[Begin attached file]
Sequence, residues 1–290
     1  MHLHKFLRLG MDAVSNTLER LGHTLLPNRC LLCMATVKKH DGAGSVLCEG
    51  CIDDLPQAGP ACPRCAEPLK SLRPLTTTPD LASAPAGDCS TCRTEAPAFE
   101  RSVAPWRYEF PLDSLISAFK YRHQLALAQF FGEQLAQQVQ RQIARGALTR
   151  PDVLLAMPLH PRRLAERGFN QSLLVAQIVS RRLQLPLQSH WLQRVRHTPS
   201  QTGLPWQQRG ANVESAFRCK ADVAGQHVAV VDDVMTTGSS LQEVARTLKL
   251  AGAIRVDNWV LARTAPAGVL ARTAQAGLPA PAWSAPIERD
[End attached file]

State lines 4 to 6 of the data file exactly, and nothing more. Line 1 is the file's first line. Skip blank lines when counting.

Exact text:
   101  RSVAPWRYEF PLDSLISAFK YRHQLALAQF FGEQLAQQVQ RQIARGALTR
   151  PDVLLAMPLH PRRLAERGFN QSLLVAQIVS RRLQLPLQSH WLQRVRHTPS
   201  QTGLPWQQRG ANVESAFRCK ADVAGQHVAV VDDVMTTGSS LQEVARTLKL